Campers are finding out that geocaching is an entertaining activity to enjoy while camping. Numerous campground managers, geocaching clubs, and simply individuals continue to grow the sport that becomes addicting. Surprisingly, many folks aren't sure just how the game of geocaching goes. So here are a few basics to get you started treasure hunting, using a Global Positioning Unit (GPS) as your guide.
|A basic handheld GPS will work, but some units, like the Magellan eXplorist, is dedicated to geocaching.|
Geocaching is treasure hunting, but with a twist — the treasure's location is not a secret. Caches, the treasure, are normally containers that hold trinkets, books, etc., that are hidden by the cache owners. Once hidden, the cache's coordinates are determined with a GPS unit. Then, the coordinates are displayed to geocachers via internet or other sources such as newsletters distributed by geocaching clubs, various visitors bureaus, or at the campground office.
Geocachers follow the provided coordinates with a handheld GPS unit and head out in search of the hidden container. Once found, the finder takes a trinket and leaves another in trade or signs a guestbook. Once an entry to the cache's logbook is completed, which is kept in the cache container, and then the cache is returned to its hiding place for the next geocacher to locate.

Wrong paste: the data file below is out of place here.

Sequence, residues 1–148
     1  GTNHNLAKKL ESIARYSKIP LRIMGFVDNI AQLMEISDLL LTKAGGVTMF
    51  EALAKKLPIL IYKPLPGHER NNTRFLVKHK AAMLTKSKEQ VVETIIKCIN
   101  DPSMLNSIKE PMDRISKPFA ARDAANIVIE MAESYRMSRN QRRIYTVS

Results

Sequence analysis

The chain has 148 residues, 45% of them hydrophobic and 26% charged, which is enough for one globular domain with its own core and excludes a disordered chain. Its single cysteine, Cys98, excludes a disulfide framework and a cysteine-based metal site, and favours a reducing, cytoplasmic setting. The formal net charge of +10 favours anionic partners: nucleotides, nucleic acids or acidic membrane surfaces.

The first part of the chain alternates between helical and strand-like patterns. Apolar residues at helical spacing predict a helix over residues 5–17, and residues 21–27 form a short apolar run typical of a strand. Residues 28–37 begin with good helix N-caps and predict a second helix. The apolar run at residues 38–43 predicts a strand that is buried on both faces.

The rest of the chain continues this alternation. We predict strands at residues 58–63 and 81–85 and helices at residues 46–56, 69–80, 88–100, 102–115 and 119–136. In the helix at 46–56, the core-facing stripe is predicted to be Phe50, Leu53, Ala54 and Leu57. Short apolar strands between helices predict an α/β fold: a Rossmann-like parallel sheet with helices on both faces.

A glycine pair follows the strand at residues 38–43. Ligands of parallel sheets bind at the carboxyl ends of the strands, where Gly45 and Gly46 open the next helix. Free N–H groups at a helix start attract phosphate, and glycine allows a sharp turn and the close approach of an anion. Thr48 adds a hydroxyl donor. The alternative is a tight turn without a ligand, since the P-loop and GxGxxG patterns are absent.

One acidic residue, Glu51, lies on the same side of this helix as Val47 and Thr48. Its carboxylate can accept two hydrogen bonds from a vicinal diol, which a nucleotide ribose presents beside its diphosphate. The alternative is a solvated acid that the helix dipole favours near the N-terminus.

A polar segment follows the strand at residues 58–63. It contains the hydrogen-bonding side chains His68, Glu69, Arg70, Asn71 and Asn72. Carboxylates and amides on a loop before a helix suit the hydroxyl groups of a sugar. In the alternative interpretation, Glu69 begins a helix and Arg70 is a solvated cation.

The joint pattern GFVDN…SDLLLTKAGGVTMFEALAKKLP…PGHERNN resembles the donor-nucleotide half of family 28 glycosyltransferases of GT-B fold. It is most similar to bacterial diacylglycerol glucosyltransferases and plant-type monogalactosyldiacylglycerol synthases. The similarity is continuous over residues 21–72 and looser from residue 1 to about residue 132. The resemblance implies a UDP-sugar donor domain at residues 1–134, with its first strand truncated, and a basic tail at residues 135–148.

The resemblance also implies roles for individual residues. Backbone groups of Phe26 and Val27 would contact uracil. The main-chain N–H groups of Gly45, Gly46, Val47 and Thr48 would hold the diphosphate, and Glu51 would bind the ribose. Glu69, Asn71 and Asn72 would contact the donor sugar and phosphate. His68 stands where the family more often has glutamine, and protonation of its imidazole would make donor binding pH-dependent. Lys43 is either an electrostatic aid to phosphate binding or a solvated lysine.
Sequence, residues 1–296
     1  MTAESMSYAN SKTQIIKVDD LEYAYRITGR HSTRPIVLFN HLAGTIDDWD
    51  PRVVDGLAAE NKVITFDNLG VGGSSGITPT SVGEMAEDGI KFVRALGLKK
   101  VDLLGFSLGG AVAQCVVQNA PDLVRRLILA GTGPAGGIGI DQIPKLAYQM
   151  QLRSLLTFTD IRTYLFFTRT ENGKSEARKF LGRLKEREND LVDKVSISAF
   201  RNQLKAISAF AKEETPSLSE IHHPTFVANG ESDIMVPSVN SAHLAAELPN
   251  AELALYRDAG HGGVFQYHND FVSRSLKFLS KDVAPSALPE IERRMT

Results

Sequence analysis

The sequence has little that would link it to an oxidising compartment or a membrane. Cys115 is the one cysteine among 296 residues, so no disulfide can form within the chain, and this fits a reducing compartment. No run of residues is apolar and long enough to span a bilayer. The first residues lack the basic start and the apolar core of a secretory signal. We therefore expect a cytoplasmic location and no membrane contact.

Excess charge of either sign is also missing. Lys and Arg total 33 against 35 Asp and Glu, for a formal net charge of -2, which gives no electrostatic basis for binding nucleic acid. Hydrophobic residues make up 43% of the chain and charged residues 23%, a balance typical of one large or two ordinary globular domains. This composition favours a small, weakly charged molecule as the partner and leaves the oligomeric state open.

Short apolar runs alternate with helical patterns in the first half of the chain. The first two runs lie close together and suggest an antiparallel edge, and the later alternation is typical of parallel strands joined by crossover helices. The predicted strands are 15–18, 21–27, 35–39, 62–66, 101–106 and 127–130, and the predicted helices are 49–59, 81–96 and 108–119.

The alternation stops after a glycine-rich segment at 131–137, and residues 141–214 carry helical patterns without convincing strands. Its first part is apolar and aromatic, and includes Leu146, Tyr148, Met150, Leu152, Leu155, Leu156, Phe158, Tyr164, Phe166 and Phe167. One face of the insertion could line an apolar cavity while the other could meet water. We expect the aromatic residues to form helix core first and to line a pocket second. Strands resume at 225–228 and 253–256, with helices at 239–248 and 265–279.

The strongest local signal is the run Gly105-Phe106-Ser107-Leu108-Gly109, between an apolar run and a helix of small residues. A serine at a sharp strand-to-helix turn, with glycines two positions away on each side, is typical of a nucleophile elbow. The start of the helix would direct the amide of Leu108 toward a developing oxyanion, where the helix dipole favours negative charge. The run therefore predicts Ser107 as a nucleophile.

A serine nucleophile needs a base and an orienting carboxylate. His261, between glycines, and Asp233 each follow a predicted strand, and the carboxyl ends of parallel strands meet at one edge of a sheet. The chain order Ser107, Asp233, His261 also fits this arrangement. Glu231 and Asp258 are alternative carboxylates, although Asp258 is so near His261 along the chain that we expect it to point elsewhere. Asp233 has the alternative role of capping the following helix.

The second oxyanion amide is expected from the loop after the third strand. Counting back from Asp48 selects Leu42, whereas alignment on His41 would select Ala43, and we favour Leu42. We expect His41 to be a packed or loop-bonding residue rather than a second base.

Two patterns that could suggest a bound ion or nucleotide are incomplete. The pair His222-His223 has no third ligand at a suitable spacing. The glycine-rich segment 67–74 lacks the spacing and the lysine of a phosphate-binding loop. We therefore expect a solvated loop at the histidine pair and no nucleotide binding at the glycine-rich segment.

You would be surprised at the number of caches stashed within a mile or two of your home. Local caches are the perfect targets to get a feel of the game. When making reservations at the campground, ask the employee if geocaching targets are on the premises. Even if the campground doesn't have any hidden treasure, a quick web search will reveal multiple cache locations.
Outfitting yourself or your family for a day of hidden treasure hunting doesn't cost a fortune, and if you already own a handheld GPS unit, you're ready to go. Another recommended geocaching tool is a map with the most detail as possible of the targeted area. A printed map is a back up to the electronic version for a quick, wide view of the area that includes several details that may not be available on the handheld.
If you're in the market for a new GPS, the most basic unit will do. The primary statistic a geocacher needs is the cache's coordinates. Although, the better the GPS unit, the better the accuracy. If a cache is found to be off the mark a few feet or yards, it may not be your unit-it could be the coordinates presented are inaccurate. Locating the cache is the goal, but the search should be just as fun.